Maybe it’s because I was on a predominantly Catholic island, but even on vacation thousands of miles away, breaking news about the chocolate Jesus planned for display in a midtown New York hotel managed to trickle down to me. Apparently protesters succeeded in having its exhibition blocked. Julian Sanchez is surprised that no one protesting seems to have put very much thought into what that artist was trying to accomplish with the piece, but it seems religious agitators are generally on the prowl for pretenses to be offended and perhaps are ultimately seeking to obviate the need for a legitimate reason to be offended altogether—for many religious activists, perpetual outrage is their brand. This seems to be part of that campaign.
The incident prompted me to wonder whether religious demagogues are wasting their time flexing their muscles over something so patently insignificant, especially these sorts of “desecrations” of icons tend to reinforce their fading power rather than dissipate it; such art attempts to trade on the icon’s residual power. At the In These Times blog, Brian Zick points out how chronically offended demagogues and purposely offensive artists work together like moss and lichen, and that artists inevitably benefit from this kind of attention, while the outraged inevitably seem foolish. But demagogues benefit as well, as they do whenever media gives them a megaphone. In these inane disputes are opportunities to stage those rituals of ultimately futile defiance that religions, when marginalized by secular society, fuel themselves on.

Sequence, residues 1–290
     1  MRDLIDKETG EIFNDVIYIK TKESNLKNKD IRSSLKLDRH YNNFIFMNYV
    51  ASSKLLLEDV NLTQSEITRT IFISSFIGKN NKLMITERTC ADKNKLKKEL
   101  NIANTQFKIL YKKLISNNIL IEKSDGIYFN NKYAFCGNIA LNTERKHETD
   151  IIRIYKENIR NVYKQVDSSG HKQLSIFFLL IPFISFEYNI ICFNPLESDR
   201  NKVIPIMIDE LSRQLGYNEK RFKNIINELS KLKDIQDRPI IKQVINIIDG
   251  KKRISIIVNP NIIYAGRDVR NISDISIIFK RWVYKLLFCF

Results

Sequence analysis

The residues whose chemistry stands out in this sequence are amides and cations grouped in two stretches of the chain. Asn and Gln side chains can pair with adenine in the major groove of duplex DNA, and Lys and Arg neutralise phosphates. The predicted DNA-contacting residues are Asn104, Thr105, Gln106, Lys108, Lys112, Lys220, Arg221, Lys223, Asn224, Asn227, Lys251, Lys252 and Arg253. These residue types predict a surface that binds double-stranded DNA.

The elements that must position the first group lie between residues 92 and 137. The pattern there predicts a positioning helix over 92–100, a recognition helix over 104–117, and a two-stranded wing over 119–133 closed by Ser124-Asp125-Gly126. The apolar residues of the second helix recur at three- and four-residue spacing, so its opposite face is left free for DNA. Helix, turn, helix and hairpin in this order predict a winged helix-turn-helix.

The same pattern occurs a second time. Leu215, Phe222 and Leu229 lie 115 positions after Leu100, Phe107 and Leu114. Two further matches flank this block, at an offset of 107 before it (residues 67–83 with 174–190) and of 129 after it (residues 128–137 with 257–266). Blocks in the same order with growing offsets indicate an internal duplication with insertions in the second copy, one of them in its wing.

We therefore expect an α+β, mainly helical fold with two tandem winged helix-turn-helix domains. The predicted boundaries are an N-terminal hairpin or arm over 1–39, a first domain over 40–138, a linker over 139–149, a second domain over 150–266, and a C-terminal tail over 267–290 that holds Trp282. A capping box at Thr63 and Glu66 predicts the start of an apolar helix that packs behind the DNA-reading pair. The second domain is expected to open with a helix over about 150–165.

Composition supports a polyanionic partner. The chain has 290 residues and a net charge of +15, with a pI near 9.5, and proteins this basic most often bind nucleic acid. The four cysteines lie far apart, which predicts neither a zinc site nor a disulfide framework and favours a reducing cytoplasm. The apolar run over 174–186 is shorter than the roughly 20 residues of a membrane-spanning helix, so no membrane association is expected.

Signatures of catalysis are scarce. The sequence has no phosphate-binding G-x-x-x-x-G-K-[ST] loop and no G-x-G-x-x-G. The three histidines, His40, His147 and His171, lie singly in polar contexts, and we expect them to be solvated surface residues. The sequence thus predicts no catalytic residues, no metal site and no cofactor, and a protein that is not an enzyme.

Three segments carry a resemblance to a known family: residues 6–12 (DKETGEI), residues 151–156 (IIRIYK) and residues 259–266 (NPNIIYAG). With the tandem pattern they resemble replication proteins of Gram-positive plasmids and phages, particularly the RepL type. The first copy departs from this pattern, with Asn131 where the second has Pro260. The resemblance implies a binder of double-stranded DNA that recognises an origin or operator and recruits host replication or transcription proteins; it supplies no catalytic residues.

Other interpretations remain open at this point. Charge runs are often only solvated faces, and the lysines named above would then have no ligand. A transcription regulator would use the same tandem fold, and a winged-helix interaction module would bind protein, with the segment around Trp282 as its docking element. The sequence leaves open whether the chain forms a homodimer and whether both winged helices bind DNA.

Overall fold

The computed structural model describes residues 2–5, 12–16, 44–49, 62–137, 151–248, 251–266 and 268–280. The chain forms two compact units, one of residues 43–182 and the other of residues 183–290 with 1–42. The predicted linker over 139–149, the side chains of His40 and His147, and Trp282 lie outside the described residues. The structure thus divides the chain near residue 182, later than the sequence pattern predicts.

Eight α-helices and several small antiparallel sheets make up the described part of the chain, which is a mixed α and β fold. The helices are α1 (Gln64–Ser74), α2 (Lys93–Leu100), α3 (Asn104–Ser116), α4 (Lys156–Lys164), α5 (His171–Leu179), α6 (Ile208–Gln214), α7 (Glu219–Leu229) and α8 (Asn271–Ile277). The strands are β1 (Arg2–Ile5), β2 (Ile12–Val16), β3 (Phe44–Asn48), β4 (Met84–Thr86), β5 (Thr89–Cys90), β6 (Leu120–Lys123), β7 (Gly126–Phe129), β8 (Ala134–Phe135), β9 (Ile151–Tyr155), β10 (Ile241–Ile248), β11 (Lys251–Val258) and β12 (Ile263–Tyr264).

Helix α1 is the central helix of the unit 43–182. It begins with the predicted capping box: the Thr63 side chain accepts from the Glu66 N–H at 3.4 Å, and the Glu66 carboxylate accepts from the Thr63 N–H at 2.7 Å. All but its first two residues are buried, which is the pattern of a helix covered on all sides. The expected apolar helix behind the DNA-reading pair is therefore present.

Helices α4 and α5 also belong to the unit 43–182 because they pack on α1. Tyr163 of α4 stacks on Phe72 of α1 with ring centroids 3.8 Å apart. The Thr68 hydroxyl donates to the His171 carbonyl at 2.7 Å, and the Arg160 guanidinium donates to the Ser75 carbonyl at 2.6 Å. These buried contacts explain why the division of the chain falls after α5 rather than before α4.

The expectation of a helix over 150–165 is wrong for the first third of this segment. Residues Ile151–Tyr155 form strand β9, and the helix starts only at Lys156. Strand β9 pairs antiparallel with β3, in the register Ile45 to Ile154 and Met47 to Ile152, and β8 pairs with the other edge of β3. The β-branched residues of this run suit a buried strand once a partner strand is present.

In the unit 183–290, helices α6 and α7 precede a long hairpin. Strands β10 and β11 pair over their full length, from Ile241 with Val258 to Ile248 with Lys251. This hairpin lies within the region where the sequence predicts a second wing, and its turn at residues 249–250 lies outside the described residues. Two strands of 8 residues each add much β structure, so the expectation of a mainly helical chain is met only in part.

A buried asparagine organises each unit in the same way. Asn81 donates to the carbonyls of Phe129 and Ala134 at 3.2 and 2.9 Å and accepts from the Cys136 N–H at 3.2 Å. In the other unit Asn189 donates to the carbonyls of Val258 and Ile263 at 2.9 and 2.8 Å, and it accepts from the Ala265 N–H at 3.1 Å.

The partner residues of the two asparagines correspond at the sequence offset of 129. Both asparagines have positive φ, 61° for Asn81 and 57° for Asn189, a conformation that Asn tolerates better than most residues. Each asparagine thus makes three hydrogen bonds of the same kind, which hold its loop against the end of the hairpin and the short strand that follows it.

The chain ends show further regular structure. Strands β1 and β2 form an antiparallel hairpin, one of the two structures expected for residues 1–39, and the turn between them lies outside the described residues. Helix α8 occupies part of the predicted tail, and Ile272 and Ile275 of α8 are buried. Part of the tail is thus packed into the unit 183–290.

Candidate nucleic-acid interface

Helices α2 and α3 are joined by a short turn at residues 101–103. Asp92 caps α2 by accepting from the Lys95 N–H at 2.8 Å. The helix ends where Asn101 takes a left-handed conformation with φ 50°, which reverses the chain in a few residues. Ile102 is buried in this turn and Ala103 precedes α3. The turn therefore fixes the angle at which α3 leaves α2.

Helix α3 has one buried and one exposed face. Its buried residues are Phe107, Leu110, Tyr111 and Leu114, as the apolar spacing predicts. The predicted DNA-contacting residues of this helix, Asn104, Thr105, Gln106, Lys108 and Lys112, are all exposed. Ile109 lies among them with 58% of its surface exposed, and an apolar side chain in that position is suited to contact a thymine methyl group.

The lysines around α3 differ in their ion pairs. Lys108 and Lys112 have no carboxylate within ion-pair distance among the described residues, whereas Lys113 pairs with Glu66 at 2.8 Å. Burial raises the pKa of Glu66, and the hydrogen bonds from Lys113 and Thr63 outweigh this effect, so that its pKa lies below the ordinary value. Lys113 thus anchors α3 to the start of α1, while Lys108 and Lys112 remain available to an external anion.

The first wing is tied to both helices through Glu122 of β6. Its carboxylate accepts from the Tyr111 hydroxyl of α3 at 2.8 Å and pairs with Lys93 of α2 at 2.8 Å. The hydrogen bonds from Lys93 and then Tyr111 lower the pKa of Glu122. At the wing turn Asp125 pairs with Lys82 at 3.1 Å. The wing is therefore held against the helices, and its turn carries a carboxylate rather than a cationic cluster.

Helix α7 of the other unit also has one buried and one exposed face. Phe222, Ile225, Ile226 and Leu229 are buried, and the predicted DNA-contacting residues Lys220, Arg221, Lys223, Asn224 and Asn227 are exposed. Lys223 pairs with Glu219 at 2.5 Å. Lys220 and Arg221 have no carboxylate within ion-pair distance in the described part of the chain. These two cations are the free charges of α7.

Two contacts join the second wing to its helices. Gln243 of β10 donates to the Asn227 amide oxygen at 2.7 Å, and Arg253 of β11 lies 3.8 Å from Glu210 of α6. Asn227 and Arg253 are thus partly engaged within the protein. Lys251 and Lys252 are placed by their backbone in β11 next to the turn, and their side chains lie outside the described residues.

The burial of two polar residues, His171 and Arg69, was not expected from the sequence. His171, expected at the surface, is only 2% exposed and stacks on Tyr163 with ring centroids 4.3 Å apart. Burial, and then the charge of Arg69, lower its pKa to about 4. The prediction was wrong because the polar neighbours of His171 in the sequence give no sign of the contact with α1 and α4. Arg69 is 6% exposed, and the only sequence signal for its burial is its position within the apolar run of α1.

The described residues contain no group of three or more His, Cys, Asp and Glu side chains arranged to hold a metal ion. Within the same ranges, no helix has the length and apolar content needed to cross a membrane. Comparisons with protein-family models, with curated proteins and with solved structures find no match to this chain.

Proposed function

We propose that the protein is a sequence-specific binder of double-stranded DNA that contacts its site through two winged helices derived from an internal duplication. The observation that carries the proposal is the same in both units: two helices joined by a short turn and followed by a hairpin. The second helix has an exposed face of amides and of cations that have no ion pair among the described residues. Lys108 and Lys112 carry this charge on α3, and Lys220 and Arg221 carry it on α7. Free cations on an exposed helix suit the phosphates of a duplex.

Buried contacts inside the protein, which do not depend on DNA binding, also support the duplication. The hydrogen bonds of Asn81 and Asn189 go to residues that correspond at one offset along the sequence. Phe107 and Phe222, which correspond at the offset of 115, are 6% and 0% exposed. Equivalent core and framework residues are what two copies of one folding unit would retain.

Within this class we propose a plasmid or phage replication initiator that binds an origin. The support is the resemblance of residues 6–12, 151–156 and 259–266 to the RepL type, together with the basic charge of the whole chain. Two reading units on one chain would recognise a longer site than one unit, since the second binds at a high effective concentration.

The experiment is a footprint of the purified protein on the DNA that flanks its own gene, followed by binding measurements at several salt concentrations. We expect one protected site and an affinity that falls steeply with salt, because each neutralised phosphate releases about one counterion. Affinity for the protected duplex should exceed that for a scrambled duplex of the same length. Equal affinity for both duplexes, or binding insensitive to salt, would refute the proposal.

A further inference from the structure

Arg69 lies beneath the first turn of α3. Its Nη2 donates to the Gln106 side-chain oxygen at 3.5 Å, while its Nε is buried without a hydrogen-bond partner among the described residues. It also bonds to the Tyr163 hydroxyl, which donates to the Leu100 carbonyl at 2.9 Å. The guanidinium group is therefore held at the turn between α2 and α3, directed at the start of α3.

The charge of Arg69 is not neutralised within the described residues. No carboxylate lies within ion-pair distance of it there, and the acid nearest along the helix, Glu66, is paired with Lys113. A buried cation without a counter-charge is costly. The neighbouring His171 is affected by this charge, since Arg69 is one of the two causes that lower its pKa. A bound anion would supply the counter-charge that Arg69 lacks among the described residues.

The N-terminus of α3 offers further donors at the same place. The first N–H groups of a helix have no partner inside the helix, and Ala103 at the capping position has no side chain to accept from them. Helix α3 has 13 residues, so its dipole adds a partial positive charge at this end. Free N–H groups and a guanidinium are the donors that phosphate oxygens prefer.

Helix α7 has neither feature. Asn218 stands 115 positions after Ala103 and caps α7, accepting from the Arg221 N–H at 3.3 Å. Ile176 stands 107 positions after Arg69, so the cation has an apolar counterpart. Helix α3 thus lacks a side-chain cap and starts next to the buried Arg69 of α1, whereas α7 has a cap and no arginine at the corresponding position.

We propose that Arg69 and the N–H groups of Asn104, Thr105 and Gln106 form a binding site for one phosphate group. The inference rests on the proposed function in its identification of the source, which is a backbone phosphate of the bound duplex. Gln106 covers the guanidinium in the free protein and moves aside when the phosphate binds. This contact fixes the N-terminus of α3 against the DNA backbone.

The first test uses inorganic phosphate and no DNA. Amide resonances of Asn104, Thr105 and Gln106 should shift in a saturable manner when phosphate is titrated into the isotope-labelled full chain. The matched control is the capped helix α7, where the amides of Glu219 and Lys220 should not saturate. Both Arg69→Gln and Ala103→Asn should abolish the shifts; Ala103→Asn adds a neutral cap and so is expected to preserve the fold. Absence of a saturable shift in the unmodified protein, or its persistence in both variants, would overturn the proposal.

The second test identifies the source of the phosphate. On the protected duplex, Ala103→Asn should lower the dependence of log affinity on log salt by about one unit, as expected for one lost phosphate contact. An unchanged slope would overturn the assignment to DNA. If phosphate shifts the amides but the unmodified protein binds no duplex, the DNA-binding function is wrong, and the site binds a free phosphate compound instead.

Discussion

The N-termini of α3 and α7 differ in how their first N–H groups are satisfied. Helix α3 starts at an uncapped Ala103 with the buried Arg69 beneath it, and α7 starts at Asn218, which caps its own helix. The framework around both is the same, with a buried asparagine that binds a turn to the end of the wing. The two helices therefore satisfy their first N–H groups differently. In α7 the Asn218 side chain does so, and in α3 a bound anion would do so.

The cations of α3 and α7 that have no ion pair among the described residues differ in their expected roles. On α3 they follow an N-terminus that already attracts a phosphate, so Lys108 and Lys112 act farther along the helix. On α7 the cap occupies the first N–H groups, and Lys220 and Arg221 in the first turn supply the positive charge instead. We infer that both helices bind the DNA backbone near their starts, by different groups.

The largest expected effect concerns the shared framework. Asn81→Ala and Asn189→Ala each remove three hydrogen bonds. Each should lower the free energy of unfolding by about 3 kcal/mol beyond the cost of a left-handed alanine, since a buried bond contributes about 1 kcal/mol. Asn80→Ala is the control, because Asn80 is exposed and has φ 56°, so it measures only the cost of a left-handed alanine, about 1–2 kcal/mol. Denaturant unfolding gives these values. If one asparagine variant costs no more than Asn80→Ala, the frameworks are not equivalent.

We are far beyond the point where the circulation of images can be controlled; churches maintain power not by mandating prohibitions and successfully exercising censorship, at least not in the West. Instead their power now lies in staging pseudoevents, supplying experiential goods—say, the pleasure felt when a petty triumph such as sending Chocolate Jesus to limbo is secured. Perhaps the manufactured controversy (a faint echo of the Danish cartoon brouhaha of 2006 and reminiscent of the now annually renewed “war against Christmas) is merely part of the pas de deux for replenishing symbolic power—religious images becomes truly trivial when nobody shows up as expected to complain about alleged misuses, when a sanctimonious rally can’t be gathered as a kind of parallel form of worship.
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// Moving Pixels
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